Reptiles and amphibians are mysterious creatures, beloved by some, feared by others, and, for a small segment of the population known as herpetologists, absolutely fascinating to study. Reptiles and amphibians play critical ecological roles that are often overlooked due to their exceptional abilities to avoid detection. Unfortunately, these creatures are also very sensitive to human disturbance and exotic diseases, and many populations are in grave danger of extinction. Join herpetologist Kevin Shoemaker on a whirlwind tour of amphibian and reptile diversity and the reasons for their decline, and a discussion of how we can conserve these fascinating creatures and their key ecological roles.
Presented By: Kevin Shoemaker, Ph.D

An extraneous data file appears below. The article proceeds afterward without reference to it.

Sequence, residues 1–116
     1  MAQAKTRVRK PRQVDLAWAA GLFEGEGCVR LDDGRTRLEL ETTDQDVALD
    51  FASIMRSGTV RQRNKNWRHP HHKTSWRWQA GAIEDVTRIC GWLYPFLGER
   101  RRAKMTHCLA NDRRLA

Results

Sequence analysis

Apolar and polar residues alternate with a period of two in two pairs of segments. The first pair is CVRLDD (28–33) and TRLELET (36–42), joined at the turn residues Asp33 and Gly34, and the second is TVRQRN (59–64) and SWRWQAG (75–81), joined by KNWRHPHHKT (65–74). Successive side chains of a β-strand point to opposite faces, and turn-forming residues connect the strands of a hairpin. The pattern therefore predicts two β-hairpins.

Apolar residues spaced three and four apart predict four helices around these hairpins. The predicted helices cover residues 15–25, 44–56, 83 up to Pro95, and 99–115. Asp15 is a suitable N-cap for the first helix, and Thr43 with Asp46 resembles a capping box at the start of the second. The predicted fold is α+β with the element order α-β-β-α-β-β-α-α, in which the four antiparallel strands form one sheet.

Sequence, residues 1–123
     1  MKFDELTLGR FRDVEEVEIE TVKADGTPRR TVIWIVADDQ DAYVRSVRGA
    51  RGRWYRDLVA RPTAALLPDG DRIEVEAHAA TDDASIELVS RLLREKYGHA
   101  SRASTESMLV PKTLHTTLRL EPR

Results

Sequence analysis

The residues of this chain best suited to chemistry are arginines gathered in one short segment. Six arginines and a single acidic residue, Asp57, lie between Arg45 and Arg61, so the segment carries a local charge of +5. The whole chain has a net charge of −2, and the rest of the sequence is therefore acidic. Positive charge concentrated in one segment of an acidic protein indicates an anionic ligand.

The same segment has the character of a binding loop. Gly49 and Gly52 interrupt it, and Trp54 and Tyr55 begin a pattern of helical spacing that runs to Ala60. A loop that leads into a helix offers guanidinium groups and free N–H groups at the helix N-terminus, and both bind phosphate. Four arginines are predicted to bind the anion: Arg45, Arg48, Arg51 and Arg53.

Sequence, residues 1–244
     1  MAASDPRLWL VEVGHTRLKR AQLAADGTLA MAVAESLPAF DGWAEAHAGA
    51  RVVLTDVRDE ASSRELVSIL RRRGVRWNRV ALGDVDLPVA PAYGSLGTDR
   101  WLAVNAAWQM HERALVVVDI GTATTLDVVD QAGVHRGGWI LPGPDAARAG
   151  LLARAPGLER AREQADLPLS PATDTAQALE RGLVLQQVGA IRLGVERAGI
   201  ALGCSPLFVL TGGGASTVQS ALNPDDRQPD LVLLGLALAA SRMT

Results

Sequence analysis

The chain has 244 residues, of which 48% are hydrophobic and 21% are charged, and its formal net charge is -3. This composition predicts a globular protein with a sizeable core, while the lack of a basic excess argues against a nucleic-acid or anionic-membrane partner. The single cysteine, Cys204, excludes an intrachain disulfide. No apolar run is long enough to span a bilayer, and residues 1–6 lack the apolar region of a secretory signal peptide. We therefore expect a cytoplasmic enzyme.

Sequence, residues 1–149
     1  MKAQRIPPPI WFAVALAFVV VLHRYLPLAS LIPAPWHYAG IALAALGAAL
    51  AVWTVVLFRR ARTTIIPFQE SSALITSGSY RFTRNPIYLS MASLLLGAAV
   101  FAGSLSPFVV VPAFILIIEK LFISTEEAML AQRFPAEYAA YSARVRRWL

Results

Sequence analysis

Kevin Shoemaker, Ph.D., is currently an assistant professor of wildlife ecology and conservation at the University of Nevada, Reno (UNR), where he serves as director of the Applied Population Ecology lab. Shoemaker’s research at UNR covers a wide range of species from tortoises to prairie dogs to bats, but always focuses on questions directly relevant to wildlife conservation and management. Shoemaker received his master's and doctoral degrees at the SUNY College of Environmental Science and Forestry, where his dissertation research on the population ecology of bog turtles (Glyptemys muhlenbergii) helped to clarify the conservation status of small freshwater turtle populations. Originally from eastern Massachusetts, Kevin has always been particularly fascinated with reptiles and amphibians—especially turtles!